Using the Hubble Space Telescope, astronomers have discovered a dwarf galaxy in a globular cluster which is only 30 million light-years away.
The team used the NASA/ESA (European Space Agency) telescope to study white dwarf stars within the globular cluster NGC 6752.
The aim of their observations was to use these stars to measure the age of the globular cluster, but in the process they made an unexpected discovery, according to the study published in the journal Monthly Notices of the Royal Astronomical Society: Letters.
In the outer fringes of the area observed with Hubble’s camera, a compact collection of stars was visible.
After a careful analysis of their brightnesses and temperatures, the astronomers concluded that these stars did not belong to the cluster — which is part of the Milky Way — but rather they are millions of light-years more distant.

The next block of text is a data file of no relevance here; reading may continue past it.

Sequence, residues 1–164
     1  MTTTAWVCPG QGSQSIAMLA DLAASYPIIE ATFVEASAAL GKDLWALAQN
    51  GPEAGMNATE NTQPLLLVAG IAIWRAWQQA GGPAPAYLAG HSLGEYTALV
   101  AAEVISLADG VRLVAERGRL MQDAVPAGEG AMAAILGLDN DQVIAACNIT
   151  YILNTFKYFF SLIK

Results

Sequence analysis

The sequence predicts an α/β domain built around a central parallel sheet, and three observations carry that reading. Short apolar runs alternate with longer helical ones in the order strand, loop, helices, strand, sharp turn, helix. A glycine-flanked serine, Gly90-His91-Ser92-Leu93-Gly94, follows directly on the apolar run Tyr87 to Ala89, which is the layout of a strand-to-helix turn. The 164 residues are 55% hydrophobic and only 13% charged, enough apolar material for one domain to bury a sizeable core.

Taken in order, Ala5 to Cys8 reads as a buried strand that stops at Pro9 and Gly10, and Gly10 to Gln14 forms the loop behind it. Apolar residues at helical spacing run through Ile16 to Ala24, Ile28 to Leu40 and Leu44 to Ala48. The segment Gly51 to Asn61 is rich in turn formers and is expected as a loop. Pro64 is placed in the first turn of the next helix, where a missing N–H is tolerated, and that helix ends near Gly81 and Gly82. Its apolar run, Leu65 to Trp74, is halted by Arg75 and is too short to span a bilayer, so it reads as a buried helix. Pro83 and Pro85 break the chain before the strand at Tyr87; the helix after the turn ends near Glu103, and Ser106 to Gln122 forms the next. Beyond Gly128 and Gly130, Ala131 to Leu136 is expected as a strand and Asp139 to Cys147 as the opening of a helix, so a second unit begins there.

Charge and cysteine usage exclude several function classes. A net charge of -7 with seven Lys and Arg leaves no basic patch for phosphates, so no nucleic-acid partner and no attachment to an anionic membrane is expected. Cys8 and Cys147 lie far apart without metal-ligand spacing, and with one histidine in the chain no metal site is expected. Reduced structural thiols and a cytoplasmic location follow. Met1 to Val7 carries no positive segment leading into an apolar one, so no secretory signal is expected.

The newly discovered cosmic neighbour, nicknamed Bedin 1 by the astronomers, is a modestly sized, elongated galaxy, the study said.
It measures only around 3, 000 light-years at its greatest extent — a fraction of the size of the Milky Way. Not only is it tiny, but it is also incredibly faint.
These properties led astronomers to classify it as a dwarf spheroidal galaxy.
Dwarf spheroidal galaxies are defined by their small size, low-luminosity, lack of dust and old stellar populations.
The international team of astronomers that carried out this study consists of researchers from University of California Los Angeles, University of Bonn in Germany and Universite de Montreal in Canada, among others.